During a normal day, we breathe nearly 25,000 times, exposing our bodies to millions of microorganisms that populate the atmosphere. The bacteria, viruses, and fungi that invade the lungs can cause common diseases like the flu or pneumonia. But for those with a weakened immune system, these infectious organisms can also cause rare lung diseases like tuberculosis (TB) and mycobacterial infections that can be hard to diagnosis and also hard to treat.
Fighting Infectious Diseases
Our adult and pediatric infectious lung disease experts are nationally known for their advanced skill in treating rare and uncommon lung infections, including Mycobacterium Avium Complex (MAC) and TB. Though relatively rare, MAC causes serious and chronic lung infections, striking people who already have other lung diseases such as asthma, bronchiectasis, chronic bronchitis or cystic fibrosis. And while TB may seem like a disease of the past, it kills more than a million people worldwide each year. Learn more about MAC research and treatment and discover our expertise in battling TB across nine states.
To make an appointment, call 903-877-7916.
Conditions We Commonly Treat
- Fungal infections of the lung
- Nontuberculous mycobacteria
- Tuberculosis, including multi-drug resistant TB
About Cystic Fibrosis
Cystic fibrosis (CF) is a chronic disease that affects the lungs and digestive system. A defective gene causes the body to make thick, sticky mucus that clogs the lungs and causes serious lung infections. CF also affects other organs of the body and can prevent the break down of food and absorption of important nutrients. About 30,000 children and adults in the United States are affected by CF.
Taking a Team Approach
Besides our pulmonologists, there are other healthcare professionals that are there for the patient’s journey. This care team may include a nutritionist, social worker, respiratory therapist, pharmacist, and/or physical therapist. The CF clinic at UT Health North Campus is unique because treatment for all ages is in one location and the same team cares for patients throughout the different stages of life – from childhood to adulthood.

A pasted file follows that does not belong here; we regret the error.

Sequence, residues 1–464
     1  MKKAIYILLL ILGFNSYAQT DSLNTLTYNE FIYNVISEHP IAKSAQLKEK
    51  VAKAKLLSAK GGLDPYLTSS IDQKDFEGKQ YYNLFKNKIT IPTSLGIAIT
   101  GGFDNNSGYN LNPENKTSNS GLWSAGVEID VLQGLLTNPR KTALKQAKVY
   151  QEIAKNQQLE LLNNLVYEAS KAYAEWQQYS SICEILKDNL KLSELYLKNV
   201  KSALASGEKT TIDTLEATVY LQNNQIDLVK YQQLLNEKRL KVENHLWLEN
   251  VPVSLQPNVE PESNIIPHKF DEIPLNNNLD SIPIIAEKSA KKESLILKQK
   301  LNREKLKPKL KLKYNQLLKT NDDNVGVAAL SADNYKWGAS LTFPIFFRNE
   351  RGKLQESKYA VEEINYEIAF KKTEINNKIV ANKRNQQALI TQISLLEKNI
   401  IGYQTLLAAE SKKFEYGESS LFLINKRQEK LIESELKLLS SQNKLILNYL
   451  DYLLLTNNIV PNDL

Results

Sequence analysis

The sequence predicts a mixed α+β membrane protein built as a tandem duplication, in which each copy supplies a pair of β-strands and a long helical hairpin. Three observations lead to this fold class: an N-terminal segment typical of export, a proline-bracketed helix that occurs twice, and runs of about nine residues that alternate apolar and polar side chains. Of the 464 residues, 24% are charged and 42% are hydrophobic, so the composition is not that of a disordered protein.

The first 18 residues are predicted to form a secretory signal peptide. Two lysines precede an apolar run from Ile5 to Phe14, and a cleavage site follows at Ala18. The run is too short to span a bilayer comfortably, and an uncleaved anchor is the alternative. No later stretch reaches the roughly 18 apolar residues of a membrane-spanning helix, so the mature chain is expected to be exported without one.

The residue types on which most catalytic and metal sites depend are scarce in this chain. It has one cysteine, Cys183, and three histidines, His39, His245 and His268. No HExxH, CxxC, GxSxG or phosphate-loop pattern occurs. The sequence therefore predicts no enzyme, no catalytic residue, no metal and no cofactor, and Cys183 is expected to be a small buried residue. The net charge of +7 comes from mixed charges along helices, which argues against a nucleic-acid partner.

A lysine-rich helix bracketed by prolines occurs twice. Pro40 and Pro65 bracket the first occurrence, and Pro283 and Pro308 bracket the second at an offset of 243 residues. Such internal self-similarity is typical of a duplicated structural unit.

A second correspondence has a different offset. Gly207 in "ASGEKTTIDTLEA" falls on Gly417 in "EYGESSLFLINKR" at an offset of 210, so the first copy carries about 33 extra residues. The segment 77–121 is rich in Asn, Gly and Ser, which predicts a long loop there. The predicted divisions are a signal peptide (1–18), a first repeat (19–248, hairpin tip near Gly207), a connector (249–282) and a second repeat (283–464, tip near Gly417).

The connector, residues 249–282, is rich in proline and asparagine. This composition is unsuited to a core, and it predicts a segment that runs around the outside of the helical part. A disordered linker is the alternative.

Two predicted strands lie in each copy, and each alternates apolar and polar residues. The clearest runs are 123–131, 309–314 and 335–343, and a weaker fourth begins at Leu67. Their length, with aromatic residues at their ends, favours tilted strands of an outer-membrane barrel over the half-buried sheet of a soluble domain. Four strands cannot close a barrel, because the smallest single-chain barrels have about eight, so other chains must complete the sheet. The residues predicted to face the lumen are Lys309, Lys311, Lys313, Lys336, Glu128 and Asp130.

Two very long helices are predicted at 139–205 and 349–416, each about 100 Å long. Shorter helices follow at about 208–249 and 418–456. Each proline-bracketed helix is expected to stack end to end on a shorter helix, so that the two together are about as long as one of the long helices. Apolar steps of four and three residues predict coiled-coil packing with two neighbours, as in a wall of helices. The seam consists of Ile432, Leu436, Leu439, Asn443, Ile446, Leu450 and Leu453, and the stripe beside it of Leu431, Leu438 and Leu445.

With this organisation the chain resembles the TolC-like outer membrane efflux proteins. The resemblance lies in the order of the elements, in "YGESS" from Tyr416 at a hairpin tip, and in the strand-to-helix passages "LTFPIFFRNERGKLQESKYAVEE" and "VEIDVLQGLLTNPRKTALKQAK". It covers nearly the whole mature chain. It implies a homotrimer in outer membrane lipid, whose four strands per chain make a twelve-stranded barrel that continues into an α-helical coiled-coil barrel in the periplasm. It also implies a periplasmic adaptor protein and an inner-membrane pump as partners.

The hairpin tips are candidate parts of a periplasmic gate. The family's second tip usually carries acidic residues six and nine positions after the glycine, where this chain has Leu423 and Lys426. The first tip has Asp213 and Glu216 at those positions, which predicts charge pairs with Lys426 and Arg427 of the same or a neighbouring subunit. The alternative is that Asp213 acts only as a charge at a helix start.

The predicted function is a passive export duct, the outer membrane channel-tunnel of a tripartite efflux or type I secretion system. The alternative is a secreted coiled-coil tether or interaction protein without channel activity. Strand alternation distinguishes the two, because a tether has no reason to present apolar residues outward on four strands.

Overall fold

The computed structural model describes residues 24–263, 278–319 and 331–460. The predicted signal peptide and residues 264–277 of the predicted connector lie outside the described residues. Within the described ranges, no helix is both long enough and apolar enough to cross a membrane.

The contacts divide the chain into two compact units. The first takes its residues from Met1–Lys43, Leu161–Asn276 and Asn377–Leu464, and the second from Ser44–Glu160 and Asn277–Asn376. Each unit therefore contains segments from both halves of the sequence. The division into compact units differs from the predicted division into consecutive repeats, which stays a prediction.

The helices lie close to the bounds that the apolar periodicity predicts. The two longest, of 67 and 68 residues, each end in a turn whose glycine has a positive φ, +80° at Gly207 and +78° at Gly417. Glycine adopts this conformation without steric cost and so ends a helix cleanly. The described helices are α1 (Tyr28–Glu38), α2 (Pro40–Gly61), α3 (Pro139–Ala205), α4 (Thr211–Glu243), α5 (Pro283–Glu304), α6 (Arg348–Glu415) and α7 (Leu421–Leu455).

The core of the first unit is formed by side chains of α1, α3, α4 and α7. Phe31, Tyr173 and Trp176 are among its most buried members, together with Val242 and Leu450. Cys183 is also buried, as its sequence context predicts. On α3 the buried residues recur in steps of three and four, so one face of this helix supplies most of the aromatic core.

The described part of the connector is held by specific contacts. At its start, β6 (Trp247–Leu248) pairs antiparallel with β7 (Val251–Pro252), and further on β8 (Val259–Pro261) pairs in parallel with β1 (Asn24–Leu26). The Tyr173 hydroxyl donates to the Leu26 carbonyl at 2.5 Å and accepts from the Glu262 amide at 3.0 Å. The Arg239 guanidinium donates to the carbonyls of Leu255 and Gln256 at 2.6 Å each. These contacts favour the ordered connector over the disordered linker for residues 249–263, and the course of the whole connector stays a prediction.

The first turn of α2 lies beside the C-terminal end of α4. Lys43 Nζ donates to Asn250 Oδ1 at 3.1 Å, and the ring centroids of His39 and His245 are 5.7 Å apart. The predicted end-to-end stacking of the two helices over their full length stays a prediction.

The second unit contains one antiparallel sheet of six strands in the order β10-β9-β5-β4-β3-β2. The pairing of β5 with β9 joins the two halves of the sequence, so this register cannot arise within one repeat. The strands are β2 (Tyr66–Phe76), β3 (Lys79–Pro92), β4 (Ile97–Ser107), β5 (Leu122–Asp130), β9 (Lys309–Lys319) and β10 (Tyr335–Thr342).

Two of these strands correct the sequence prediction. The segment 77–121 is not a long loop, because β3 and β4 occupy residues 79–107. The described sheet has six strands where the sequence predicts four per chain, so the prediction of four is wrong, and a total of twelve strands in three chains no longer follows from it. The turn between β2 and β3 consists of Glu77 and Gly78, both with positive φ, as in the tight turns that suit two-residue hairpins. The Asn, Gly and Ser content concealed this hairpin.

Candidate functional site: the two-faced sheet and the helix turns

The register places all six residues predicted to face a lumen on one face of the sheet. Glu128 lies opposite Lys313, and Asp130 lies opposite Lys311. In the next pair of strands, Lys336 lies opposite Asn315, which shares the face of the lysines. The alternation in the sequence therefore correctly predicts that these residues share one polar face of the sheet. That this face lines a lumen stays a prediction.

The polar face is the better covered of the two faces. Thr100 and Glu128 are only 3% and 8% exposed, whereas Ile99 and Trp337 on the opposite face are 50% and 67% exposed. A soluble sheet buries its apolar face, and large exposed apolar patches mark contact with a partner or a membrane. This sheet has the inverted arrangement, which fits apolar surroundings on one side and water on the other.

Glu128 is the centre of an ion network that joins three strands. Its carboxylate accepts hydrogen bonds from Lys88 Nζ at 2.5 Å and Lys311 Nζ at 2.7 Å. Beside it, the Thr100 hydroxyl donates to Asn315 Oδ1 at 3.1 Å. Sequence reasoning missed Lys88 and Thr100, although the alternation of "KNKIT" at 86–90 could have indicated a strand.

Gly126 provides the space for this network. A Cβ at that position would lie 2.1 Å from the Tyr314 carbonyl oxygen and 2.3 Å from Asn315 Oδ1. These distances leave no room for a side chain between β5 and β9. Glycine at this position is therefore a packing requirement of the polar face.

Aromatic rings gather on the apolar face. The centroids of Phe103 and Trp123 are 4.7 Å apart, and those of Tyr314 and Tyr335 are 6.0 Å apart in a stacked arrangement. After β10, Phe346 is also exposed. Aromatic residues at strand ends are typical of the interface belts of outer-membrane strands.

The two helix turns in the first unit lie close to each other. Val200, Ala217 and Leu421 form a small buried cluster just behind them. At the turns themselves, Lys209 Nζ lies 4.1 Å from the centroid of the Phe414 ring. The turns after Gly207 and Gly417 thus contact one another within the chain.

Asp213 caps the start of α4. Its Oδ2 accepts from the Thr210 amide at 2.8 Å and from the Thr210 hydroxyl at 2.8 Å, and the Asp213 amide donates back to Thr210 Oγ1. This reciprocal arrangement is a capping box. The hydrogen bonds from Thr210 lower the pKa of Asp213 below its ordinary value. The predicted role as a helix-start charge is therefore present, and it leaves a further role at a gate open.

Caring for East Texas
Accredited by the Cystic Fibrosis Foundation®, we are the premiere Cystic Fibrosis Center serving Northeast Texas. Our center follows the stringent standards of the CF Foundation and uses approved guidelines for treatment.
The Cystic Fibrosis Center is also a member of the Cystic Fibrosis Foundation® Therapeutics Development Network – the largest CF clinical trials network in the world that brings together experts from across the country to evaluate the safety and effectiveness of new CF therapies through clinical studies. Call 903-877-5271 to make an appointment.
Our Pediatric and Adult Services
UT Health is the only referral site in Northeast Texas for a sweat test, the diagnostic test for CF. When results are positive, then patients are referred to our CF clinic for further testing, which includes a complete history check, physical exam, and diagnostic studies.
We follow up with every patient diagnosed with cystic fibrosis, monitoring their growth, response to treatment, and any complications that might occur. These follow-up appointments occur every three months and can include:
- Physician assessments
- Meeting with nutritionist and/or social worker
- Laboratory testing
- Annual blood work and chest x-rays
- Pulmonary function testing
It’s not uncommon for babies, children, and teens to experience lung or breathing problems as their bodies grow and develop. Symptoms of respiratory complications can include chronic cough, difficulty breathing, recurring pneumonia or lung infections, and noisy breathing. Children suffering from chronic respiratory or breathing problems are often referred to a physician who is expertly trained in pediatric pulmonary medicine.
UT Health North Campus is home to the region’s only board-certified pediatric pulmonologist. Our pediatric pulmonologist and clinical staff have the expertise in caring for children — from infancy to age 18 — with breathing problems. We offer a full range of diagnostic testing and treatment so children can breathe easier.
To make an appointment, call 903-877-5271.
Lung conditions we commonly treat include:
- Chronic lung disease
- Chronic cough and wheeze
- Congenital lung and airway conditions
- Cystic fibrosis
- Recurrent pneumonia
- Respiratory insufficiency
- Unusual respiratory infections
Testing and Procedures We Perform
- Bronchoalveolar lavage
- Oxygen and carbon dioxide monitoring
- Pulmonary function testing (PFT)
- Sleep studies
- Sweat testing for cystic fibrosis
Pediatric sleep conditions Dr. Amaro Galvez commonly treats include:
- Sleep apnea
- Disorders in control of breathing
- Restless leg syndrome
- Periodic limb movement disorder
- Circadian rhythm disorder
- Difficulty falling asleep or maintaining sleep
- Daytime sleepiness
- Sleepwalking, sleep talking, and sleep terrors